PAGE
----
Monday, July 15, 2013

Reusing other Instructor's Assignments ... not! (or ?)

I am in the Educational Advances in Artificial Intelligence (EAAI-13), and we just concluded a session on educational repositories, particularly online repositories of homework assignments. Repositories of educational resources is a topic near and dear to my heart, but at least in the case of repositories of homework assignments, there appears to be no, little, or at best weak anecdotal evidence that assignments are being reused. At a minimum, don't we want repositories to be "instrumented,", like my (and everyone's) YouTube channel(s), so I can see downloads, likes, dislikes, and more sophisticated measures of usage that are specific to homework assignments?

Its hard to know if a homework assignment that has been posted in a educational repository is actually used by another instructor, unless an instructor who has used it, gets back to me and tells me so. There is some work in thinking about how to do this. But there is also low hanging fruit. First, we can measure downloads, but beyond this, as an educational community can take a small step towards a scholarly culture surrounding education materials by designing licenses specific to this kind of content.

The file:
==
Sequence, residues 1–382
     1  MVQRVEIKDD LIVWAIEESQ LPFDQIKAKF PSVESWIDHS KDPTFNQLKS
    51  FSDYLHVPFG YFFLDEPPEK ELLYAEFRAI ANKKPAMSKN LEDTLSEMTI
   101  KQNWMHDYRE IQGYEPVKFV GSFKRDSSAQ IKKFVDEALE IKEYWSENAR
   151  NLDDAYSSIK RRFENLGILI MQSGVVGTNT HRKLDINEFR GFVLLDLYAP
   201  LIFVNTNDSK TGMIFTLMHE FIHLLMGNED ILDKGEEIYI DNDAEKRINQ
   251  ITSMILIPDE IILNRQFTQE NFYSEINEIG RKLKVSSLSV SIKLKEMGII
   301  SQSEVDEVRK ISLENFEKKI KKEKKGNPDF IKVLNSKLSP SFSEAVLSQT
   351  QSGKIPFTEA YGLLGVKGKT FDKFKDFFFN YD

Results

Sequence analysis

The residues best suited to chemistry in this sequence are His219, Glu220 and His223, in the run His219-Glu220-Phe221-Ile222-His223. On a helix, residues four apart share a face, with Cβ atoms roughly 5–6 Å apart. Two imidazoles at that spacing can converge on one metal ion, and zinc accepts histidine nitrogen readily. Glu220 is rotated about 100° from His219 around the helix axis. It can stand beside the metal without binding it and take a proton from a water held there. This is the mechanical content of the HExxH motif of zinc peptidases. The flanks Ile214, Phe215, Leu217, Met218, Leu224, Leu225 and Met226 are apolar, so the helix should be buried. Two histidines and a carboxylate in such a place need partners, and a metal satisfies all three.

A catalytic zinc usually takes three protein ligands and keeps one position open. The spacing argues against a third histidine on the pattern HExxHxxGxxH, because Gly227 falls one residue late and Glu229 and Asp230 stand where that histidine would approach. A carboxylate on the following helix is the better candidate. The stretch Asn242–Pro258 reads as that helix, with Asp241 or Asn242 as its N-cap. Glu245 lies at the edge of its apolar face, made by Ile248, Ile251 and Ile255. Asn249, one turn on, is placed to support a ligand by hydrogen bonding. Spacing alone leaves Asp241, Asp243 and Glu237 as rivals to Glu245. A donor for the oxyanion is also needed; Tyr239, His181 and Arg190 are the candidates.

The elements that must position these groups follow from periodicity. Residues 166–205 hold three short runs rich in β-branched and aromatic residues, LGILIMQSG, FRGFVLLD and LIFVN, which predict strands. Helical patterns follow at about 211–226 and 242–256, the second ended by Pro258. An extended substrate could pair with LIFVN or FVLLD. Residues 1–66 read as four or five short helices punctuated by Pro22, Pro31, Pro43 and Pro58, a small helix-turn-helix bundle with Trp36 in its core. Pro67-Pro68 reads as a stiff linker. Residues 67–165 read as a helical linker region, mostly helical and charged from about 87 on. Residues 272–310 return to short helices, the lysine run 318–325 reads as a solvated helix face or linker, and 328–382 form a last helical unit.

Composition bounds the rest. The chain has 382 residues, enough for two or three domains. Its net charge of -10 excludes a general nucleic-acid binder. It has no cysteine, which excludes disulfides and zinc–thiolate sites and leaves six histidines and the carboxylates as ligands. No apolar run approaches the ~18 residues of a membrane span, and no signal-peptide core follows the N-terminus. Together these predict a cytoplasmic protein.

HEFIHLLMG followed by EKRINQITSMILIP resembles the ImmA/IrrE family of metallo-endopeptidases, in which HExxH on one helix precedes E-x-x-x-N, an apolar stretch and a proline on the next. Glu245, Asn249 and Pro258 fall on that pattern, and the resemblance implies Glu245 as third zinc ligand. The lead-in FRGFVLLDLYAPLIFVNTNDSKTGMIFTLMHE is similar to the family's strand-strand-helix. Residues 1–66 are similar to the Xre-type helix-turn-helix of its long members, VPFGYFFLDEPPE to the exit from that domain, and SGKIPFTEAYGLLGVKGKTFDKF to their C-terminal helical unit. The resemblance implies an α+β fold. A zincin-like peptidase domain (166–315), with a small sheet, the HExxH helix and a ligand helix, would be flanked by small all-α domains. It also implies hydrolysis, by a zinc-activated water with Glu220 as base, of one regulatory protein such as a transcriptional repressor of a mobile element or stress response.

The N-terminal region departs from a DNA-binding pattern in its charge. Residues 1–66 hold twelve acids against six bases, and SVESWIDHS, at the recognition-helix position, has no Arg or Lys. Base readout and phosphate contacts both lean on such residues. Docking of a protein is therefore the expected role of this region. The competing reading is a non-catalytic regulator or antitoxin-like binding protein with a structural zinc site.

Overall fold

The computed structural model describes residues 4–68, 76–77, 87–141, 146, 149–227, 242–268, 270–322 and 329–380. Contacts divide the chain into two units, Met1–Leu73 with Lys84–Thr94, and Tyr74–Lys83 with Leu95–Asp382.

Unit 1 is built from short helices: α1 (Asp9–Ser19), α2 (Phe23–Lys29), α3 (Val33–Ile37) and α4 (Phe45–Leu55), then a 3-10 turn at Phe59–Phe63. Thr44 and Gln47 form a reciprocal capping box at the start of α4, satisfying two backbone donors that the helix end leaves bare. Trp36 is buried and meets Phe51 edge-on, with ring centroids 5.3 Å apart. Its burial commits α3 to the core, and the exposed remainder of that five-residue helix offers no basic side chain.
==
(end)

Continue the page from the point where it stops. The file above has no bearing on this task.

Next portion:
For example, a license for usage of educational content could require that the material can be used by others (e.g., following any of the principles of creative commons licenses: http://creativecommons.org/), but additionally require that the user report back on the usage to the author (typically, the copyright holder), whether the use is as is, or derivative.

I think that this would be an incredible help to evaluating the extent and manner of use of educational material, going well beyond measuring downloads, and ultimately of evaluating the utility of educational materials to the educational community.

Let's ask people about their use, through a license that requires report back (and nothing else), rather than simply depending of the ability of inference by machine methods.

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